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NODLINK – First-ever Online System for APT Attack Detection

Researchers point out that APTs (Advanced Persistent Threats) cause financial harm to organizations. For APT modeling, provenance graphs may be used to cut down on these losses and make detection better. This shows how important real-time systems are.

Current online systems prioritize simplicity but create complex graphs, making it tough for administrators to interpret results.

The following cybersecurity researchers from their respective universities and organizations recently designed a first-ever online system for APT attack detection, “NODLINK”:-

Shaofei Li (Key Laboratory of High-Confidence Software Technologies (MOE))

Feng Dong (Huazhong University of Science and Technology)

Xusheng Xiao (Arizona State University)

Haoyu Wang (Huazhong University of Science and Technology)

Fei Shao (Case Western Reserve University)

Jiedong Chen (Sangfor Technologies Inc.)

Yao Guo (Key Laboratory of High-Confidence Software Technologies (MOE))

Xiangqun Chen (Key Laboratory of High-Confidence Software Technologies (MOE))

Ding Li (Key Laboratory of High-Confidence Software Technologies (MOE))

Technical Analysis

To combat APT attacks, practitioners and researchers analyze system events in provenance data. Current systems mainly offer postmortem analysis, causing delays and significant financial losses.

Researchers create online systems for real-time APT detection, which offers quick responses and fewer false positives, enhancing APT investigation efficiency.

Creating accurate, cost-effective online APT detection is challenging. Provenance-based systems need to balance accuracy, timeliness, and resource constraints.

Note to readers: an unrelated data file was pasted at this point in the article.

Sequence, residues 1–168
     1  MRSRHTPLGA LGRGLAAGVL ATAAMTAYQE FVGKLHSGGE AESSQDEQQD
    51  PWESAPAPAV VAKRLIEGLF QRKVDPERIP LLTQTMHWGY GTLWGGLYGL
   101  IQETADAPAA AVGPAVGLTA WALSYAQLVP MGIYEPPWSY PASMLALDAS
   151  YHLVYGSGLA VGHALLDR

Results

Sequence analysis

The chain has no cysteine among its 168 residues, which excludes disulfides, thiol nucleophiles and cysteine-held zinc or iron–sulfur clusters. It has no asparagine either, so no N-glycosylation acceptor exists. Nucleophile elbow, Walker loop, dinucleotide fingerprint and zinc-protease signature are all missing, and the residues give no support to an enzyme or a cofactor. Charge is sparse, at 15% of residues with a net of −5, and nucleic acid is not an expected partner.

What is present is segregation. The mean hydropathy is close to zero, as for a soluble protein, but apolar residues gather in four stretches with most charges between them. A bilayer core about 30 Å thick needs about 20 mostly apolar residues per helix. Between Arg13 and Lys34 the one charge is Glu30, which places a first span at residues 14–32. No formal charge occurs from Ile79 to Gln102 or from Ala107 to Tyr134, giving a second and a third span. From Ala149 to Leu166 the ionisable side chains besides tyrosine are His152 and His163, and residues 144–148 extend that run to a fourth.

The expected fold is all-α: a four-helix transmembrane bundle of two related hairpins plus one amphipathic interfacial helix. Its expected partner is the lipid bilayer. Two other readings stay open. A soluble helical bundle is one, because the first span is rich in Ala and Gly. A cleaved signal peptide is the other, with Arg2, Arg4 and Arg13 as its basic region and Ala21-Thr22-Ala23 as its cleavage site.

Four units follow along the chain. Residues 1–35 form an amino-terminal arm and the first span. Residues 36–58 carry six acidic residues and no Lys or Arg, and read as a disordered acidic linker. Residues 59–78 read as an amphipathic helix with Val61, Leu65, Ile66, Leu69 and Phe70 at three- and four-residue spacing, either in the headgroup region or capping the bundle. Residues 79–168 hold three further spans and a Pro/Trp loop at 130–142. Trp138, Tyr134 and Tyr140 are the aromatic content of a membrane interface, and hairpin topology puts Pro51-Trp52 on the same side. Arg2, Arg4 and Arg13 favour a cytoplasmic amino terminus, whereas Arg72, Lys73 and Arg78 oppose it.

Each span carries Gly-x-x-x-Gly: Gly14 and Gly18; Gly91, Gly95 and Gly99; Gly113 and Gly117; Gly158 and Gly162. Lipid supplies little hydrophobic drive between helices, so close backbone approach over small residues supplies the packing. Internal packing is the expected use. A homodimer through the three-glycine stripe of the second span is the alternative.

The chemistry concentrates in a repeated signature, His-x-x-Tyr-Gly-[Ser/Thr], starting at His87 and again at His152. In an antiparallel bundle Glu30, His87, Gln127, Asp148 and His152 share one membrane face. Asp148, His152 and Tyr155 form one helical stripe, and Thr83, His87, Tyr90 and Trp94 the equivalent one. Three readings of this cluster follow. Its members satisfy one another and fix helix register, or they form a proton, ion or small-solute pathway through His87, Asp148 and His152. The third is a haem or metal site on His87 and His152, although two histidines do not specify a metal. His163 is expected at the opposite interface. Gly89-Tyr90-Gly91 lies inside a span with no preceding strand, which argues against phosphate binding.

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Researchers deploy NODLINK to Sangfor’s SOC and test it in real-world scenarios, outperforming HOLMES and UNICORN in detecting attacks with fewer false positives.

Online STP aims to minimize costs while connecting revealed vertices in a graph. It’s an NP-complete problem with fixed approximation.

NODLINK is able to pinpoint the attack in a concise alert provenance graph (Source – Arxiv)

NODLINK is an online APT detection system that processes provenance event streams to produce concise alert graphs and, via the following four phases, detects the anomalies every 10 seconds:-

In Memory Cache Building

Terminal Identification

Hopset Construction

Comprehensive Detection

To detect long-term attacks, NODLINK stores node information in a graph database and uses unique md5 values for retrieval. This allows it to detect entire APT attack campaigns.

NODLINK uses a VAE model to assess process nodes’ anomaly scores for terminal detection. It measures the difference between input and reconstructed vectors, mitigating false positives for unstable processes.

For NODLINK to be able to find things online, it needs to train its FastText, VAE, and SV models offline and use historical data to set thresholds for oddities.

However, apart from this, NODLINK remains robust to minor attack data in training sets due to Grubbs’s test and VAE. Testing with polluted datasets confirmed its accuracy and it’s versatile across various operating systems.

Apart from this, NODLINK offers fine-grained APT detection in real-time, outperforming existing systems by efficiently allocating resources to suspicious events.

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